• Aidan, of course, was racing up the charts at the same time Jaden and Jayden appeared.  But so was Hayden, the other aden name with a considerable pedigree, as well as notable bearers from Hayden Carruth to Hayden Christenson.
  • There’s a minor Jadon in the Old Testament, a figure in the Book of Nehemiah who helped build the wall of Jerusalem.  Jadon was almost certainly to be found in a few baby name books, probably with the meaning “thankful” attached, though I’ve also seen “he will judge.”  All of those parents attracted to Noah and Joshua might have liked Jayden’s claim to a Biblical origin.
  • Could there be a sci fi twist?  In the seventh and final season of wildly influential Star Trek: The Next Generation, Data – the android – suffers from amnesia on a mission to a pre-industrial settlement.  His rescuers decide to call him Jayden.  It sounds bizarre, but the episode’s February 1994 showing tracks very neatly with the debut of Jaden and Jayden into the US Top 1000.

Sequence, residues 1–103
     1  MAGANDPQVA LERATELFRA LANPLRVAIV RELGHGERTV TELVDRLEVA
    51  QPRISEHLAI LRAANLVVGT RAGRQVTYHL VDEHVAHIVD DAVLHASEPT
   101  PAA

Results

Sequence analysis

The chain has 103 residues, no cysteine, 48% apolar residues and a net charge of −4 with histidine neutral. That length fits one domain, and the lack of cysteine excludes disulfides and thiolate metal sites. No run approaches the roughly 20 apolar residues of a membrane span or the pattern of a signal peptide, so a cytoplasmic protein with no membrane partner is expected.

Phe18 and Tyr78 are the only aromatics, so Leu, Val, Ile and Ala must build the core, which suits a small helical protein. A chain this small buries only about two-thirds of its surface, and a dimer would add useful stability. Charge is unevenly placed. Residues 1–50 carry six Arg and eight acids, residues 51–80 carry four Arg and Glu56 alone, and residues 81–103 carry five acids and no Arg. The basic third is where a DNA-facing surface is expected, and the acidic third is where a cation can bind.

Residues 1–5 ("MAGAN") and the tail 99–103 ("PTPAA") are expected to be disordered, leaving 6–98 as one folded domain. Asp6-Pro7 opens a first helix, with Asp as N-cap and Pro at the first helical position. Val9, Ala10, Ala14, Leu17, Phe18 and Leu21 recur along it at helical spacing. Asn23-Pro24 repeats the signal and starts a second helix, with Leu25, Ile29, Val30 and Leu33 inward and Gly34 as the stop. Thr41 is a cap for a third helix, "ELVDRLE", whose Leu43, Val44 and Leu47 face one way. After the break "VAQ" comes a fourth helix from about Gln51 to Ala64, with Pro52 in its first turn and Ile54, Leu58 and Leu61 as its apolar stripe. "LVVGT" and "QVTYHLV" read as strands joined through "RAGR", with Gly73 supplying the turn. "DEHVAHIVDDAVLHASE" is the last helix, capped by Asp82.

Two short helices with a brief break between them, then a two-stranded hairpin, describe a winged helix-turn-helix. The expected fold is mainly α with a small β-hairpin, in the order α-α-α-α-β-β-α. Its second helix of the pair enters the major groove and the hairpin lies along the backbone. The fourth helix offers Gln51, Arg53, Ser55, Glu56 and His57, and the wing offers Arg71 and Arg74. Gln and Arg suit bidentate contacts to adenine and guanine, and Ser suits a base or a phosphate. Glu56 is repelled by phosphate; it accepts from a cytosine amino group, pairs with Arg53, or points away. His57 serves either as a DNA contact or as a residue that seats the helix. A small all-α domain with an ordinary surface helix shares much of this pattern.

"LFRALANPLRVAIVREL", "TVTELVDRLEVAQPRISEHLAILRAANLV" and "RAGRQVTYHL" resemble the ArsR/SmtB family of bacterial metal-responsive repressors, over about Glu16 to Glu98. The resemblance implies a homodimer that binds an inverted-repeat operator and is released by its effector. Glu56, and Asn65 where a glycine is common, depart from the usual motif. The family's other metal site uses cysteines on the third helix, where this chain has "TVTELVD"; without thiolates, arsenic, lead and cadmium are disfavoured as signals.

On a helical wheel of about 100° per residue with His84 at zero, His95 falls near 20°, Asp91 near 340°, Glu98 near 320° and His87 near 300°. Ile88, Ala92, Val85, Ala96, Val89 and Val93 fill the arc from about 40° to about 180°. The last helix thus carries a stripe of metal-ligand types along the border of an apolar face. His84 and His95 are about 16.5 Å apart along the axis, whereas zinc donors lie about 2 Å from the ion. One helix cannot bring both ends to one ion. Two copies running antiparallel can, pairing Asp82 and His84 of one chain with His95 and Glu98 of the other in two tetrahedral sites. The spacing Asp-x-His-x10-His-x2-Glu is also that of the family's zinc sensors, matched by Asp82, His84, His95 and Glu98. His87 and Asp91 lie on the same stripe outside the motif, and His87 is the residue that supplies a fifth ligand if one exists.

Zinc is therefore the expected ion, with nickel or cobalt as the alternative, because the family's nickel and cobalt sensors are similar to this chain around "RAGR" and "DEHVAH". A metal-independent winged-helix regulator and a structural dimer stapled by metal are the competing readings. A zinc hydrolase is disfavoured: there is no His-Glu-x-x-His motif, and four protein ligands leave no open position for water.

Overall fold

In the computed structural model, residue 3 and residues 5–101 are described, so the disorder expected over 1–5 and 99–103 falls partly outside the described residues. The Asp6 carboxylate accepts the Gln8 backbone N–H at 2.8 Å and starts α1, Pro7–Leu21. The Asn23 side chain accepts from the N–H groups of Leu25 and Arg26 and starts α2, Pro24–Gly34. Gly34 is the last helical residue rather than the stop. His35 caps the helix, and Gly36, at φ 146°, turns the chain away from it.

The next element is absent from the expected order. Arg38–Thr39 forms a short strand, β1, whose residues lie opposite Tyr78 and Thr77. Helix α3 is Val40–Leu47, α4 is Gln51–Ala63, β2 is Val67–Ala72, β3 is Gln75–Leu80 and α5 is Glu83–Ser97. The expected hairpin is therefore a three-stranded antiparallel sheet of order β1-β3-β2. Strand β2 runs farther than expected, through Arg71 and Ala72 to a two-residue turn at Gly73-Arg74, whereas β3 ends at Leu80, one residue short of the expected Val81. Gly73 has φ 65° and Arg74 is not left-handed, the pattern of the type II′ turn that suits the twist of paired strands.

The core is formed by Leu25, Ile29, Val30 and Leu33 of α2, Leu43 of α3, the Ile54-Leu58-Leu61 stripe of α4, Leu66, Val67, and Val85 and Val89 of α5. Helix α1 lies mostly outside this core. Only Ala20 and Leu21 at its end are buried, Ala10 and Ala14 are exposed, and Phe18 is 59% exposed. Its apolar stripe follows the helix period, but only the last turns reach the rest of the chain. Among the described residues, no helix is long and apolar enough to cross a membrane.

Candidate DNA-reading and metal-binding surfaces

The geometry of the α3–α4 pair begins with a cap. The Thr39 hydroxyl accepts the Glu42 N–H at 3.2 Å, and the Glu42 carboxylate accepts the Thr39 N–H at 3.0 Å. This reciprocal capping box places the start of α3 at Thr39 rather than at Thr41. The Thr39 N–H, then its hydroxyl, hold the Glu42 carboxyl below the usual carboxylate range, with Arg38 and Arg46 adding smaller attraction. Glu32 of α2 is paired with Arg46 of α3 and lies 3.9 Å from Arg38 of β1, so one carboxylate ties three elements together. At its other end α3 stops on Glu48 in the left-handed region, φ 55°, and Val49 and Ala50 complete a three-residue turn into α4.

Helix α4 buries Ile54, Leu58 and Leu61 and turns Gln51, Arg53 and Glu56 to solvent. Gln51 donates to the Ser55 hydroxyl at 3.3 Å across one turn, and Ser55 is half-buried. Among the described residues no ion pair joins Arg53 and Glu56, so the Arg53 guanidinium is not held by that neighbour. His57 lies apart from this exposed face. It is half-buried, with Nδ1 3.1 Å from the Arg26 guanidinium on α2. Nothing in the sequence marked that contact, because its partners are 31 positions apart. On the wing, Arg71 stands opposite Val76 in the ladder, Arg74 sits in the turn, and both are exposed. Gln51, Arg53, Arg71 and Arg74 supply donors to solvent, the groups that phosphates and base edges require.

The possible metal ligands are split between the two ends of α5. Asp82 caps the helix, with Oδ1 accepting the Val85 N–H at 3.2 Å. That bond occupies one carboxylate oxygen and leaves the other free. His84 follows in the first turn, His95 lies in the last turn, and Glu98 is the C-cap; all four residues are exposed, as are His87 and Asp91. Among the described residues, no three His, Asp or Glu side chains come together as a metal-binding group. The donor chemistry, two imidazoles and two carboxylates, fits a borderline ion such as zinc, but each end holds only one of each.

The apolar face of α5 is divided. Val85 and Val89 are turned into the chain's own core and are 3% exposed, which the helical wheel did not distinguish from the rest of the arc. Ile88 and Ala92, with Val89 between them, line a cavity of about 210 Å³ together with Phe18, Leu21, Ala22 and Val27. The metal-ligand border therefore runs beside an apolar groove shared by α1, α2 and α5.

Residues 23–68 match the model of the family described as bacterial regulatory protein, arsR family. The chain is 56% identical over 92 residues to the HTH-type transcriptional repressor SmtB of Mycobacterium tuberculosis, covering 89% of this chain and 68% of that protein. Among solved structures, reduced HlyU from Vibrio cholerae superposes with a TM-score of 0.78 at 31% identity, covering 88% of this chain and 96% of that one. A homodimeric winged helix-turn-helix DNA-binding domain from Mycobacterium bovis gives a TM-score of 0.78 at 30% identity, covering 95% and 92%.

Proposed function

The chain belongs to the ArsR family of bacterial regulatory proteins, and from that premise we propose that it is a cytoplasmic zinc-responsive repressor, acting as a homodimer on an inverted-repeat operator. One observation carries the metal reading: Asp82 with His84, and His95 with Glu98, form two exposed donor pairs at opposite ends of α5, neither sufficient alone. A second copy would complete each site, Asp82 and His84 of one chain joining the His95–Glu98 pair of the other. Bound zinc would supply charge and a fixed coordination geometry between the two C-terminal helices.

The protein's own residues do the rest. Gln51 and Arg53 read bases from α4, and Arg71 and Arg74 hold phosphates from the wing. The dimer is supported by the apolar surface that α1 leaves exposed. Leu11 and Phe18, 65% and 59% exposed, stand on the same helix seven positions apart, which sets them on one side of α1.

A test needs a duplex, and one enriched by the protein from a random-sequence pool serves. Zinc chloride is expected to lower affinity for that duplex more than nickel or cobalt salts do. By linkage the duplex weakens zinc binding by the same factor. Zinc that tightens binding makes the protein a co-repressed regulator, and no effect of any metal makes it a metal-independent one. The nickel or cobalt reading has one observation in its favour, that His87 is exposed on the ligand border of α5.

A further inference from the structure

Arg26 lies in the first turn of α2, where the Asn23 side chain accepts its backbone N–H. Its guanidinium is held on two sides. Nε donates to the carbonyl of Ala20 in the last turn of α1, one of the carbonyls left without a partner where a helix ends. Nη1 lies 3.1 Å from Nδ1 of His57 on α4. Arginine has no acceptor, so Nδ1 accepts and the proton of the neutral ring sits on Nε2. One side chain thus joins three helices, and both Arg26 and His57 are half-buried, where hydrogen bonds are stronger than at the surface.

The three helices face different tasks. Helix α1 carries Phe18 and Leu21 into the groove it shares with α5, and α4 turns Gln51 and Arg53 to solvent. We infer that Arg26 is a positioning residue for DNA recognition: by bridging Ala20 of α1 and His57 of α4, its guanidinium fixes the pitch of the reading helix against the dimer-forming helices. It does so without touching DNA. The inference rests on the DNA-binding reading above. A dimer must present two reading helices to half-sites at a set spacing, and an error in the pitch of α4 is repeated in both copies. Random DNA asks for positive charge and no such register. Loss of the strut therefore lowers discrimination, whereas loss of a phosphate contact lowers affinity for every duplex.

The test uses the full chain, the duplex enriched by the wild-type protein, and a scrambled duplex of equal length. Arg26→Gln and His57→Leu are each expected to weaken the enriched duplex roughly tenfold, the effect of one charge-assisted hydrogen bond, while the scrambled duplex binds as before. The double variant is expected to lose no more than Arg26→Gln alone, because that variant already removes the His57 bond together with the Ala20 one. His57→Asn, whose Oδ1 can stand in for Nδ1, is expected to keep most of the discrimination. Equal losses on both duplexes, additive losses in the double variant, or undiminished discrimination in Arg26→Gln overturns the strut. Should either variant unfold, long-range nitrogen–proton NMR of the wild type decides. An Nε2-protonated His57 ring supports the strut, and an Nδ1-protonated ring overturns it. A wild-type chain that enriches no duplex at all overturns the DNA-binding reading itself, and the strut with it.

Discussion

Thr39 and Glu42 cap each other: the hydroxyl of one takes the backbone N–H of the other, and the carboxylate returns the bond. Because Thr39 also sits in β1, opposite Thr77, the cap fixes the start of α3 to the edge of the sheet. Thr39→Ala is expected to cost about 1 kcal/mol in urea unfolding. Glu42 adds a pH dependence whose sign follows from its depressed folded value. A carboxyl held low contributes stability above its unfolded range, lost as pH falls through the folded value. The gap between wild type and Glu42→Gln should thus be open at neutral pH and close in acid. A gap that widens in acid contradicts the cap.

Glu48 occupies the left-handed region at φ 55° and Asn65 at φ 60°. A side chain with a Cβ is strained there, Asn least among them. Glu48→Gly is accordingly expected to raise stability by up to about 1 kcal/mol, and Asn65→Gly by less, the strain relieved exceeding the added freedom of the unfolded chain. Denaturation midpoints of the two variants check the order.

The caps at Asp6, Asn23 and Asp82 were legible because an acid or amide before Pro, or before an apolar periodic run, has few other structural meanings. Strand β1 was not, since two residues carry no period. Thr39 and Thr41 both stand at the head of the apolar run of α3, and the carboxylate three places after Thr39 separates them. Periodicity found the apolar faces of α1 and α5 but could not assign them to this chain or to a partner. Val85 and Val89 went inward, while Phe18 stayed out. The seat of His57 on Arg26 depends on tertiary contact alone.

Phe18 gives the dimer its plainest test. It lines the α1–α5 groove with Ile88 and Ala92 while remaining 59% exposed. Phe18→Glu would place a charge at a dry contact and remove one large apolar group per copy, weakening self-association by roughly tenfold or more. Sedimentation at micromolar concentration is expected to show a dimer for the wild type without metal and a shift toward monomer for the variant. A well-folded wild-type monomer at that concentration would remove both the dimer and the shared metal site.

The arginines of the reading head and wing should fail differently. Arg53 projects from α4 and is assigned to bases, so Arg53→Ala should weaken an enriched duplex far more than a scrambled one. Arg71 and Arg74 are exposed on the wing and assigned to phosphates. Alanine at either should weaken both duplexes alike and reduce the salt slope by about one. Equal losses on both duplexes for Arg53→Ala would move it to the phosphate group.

Jayden found a ready and willing world, whether parents first encountered him on television, in People Magazine, or in the Good Book.  He came to us at a moment when our love affair with letter J was unquestionable, as was our willingness to try something just a little different for a son.  Jayden might not be your style, but he’s a good example of how much freedom American parents have to invent and re-invent appellations for our children.  That’s something to appreciate, even if the -aden epidemic makes your ears bleed.

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About Abby Sandel

Whether you're naming a baby, or just all about names, you've come to the right place! Appellation Mountain is a haven for lovers of obscure gems and enduring classics alike.

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What do you think?